Affirms 1995 law that calls for move to Israel’s capital
The U.S. Senate, in an extremely rare moment of action without any opposition, has adopted a resolution calling on President Trump to abide by a 1995 law that calls for the U.S. Embassy to be in Jerusalem.
The vote was 90-0, with Democratic Sens. Michael Bennet of Colorado, Cory Booker of New Jersey, Tammy Duckworth of Illinois, Bob Menendez of New Jersey, Jeff Merkley of Oregon and Dan Sullivan of Alaska not voting, along with Republicans Jeff Flake of Arizona, Lisa Murkowski of Alaska, Thom Tillis of North Carolina and Pat Toomey of Pennsylvania.
While the Jerusalem Embassy Act of 1995 calls for the move to Jerusalem, which would be seen worldwide as a resounding affirmation of Israel’s historic claim to Jerusalem, it also provides a waiver the president can sign every six months if he determines the move might harm national security.
The waiver has been employed by both Democratic and Republican presidents ever since, including President Trump just days ago.
However, Trump renewed his commitment to moving the embassy, explaining the timing is not right.
So while the call for the law to be followed is seen by many as a call for the establishment of the embassy in Jerusalem, technically it simply states that the law should be followed.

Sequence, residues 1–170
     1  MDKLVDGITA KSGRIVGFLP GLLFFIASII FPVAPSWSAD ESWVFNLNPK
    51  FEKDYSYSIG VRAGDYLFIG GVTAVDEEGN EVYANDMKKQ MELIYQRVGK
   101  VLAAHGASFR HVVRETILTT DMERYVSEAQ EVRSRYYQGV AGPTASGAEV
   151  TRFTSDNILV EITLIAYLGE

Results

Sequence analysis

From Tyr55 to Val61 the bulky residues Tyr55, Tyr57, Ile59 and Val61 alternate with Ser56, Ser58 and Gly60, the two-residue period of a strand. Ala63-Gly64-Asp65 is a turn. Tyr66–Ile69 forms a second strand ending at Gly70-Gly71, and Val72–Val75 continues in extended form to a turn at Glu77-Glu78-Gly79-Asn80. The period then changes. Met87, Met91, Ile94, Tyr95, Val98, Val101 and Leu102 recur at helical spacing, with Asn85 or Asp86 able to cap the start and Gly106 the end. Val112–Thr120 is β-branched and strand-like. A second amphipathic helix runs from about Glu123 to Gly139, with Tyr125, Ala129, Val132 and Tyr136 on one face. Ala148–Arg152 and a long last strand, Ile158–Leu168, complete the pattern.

Now the senators, in a 90-0 vote, have commemorated the 50th anniversary of the reunification of Jerusalem during the Six-Day War by adopting S. Res. 176.
The resolution states:
Be it resolved, that the Senate (1) recognizes the 50th Anniversary of the reunification of Jerusalem and extends its friendship and hopes for peace to the residents of Jerusalem and the people of Israel; (2) reaffirms its support for Israel’s commitment to religious freedom and administration of holy sites in Jerusalem; (3) continues to support strengthening the mutually beneficial American-Israeli relationship; (4) commends Egypt and Jordan, former combatant states of the Six Day War, who in subsequent years embraced a vision of peace and coexistence with Israel and have continued to uphold their respective peace agreements; (5) reaffirms that it is the longstanding, bipartisan policy of the United States Government that the permanent status of Jerusalem remains a matter to be decided between the parties through final status negotiations towards a two-state solution; and (6) reaffirms the Jerusalem Embassy Act of 1995 (Public Law 104–45) as United States law, and calls upon the President and all United States officials to abide by its provisions.
The resolution also points out Jerusalem has been the focal point of Jewish religious devotion for 3,000 years. (Click to Article)